The Telecommunications Industry Association is arguing for the digital television transition.
The TIA has has noted its points in a recent policy statement.
The TIA argues that converting to digital television (DTV) will clear valuable spectrum for other important uses, such as advanced wireless services with both commercial and public safety applications. The DTV transition will clear 108 MHz of spectrum in the 700 MHz band. The propagation characteristics of this particular spectrum band make it extremely desirable for new, innovative broadband applications and state-of-the-art first-responder communications, the TIA says.
The TIA believes it is important to encourage the deployment of advanced wireless networks that can support converged communications services offering consumers competitive choices for voice, video and data applications. Some companies in the high-tech industry are delaying the commercial development and deployment of high-speed wireless broadband equipment and services due to the uncertainty clouding the DTV transition. The TIA argues that consumers in rural America must continue to wait for broadband access, and new opportunities for interoperable public safety wireless communications are being deferred, with negative impacts to homeland security. For these reasons, the TIA is urging Congress to set a date certain of Dec. 31, 2006, for completion of the DTV transition.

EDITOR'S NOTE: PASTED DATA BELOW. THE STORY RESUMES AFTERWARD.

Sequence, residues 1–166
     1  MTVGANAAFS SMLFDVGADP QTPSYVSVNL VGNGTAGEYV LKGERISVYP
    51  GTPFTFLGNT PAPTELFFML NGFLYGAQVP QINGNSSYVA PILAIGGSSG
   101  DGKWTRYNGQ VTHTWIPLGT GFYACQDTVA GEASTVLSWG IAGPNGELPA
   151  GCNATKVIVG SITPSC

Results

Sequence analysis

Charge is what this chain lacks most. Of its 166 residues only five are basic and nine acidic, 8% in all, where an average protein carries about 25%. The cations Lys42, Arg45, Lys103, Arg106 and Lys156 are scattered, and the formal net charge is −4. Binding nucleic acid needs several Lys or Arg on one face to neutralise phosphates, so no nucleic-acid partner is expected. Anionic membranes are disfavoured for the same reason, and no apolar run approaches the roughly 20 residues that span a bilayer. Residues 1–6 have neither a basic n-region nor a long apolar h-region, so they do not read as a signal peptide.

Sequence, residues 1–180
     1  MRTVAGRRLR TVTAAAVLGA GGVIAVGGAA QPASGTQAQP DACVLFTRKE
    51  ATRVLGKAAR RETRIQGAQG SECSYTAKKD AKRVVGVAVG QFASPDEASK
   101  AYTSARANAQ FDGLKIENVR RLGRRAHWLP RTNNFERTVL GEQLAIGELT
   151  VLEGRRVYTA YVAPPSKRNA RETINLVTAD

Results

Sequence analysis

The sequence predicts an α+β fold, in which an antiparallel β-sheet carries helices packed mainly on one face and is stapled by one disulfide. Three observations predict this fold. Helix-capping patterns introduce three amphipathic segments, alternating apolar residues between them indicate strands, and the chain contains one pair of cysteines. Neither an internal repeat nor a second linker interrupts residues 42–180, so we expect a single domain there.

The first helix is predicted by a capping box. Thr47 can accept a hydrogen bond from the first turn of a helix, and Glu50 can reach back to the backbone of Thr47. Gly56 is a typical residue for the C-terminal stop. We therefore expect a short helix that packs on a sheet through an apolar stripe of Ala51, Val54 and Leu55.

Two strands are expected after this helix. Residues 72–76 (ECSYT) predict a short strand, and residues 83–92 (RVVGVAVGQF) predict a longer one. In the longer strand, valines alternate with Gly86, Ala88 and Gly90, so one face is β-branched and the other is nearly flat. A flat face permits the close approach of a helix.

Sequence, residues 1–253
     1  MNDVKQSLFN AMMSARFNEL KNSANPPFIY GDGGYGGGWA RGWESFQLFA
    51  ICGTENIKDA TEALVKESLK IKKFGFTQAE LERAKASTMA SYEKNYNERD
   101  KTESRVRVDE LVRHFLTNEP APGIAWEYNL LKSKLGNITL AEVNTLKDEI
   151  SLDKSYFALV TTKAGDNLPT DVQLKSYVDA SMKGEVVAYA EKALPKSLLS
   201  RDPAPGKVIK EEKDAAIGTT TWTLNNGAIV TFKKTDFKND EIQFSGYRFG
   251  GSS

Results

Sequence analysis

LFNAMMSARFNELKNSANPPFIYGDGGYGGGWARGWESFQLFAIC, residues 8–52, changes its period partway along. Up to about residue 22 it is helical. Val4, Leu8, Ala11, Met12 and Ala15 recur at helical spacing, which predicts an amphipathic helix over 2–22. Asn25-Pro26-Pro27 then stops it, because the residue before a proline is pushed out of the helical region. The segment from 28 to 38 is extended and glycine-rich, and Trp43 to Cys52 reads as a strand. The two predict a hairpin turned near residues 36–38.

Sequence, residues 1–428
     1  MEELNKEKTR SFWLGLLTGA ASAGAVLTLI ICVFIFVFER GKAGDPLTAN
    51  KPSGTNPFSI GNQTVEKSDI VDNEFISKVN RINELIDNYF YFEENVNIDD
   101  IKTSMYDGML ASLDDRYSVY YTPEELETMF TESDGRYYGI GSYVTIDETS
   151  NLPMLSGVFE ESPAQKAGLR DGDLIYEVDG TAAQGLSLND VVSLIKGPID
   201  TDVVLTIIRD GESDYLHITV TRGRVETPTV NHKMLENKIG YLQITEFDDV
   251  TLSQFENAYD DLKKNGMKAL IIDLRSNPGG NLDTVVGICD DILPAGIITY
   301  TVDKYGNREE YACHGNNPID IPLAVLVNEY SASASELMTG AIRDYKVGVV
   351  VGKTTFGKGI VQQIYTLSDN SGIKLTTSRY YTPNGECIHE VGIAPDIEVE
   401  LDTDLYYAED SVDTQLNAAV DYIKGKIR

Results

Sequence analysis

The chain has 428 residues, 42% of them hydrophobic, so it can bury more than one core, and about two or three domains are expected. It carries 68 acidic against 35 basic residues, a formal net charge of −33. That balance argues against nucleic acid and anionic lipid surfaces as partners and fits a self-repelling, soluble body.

The TIA argues that establishing a date certain for the DTV transition will also help drive the market for digital products and will provide the requisite certainty for manufacturers seeking to produce low-cost digital-to-analog converters that will enable consumers to continue to use their analog television sets following the transition.
The DTV issue was discussed recently when TIA members met with Congressman Fred Upton (R-MI), chairman of the House Energy and Commerce Committee, Subcommittee on Telecommunications and the Internet, during the TIA's Broadband and Technology Dialogue Luncheon Series. The TIA delivered a letter to Upton on the transition at this meeting. Similar letters advocating the TIA's position on the DTV transition will be delivered to the leadership and other members of the House and Senate commerce committees.
During the informal discussion, Upton laid out his subcommittee's agenda for the next several months, including its focus on updating telecommunications laws to reflect advancements in technology. Before any legislation is introduced, the subcommittee plans to hold additional hearings on topics that include industry mergers, VoIP and IP video.
"Chairman Upton has been a staunch supporter and a strong voice for the communications technology industry," says TIA President Matthew Flanigan. "The subcommittee recently held a historic hearing at which CEOs of five major communications equipment manufacturers, all members of TIA, spoke of the challenges facing the converging communications industry.
"He is aware of the evolving nature of our industry and realizes the enormous value of the spectrum that will be freed up when television broadcasters shift from legacy analog to state-of-the-art digital transmission," Flanigan continues. "We look forward to working with Chairman Upton, his staff and the subcommittee on the DTV transition and the reexamination the Telecom Act."
The TIA is based in Arlington, VA. For more information visit www.tiaonline.org.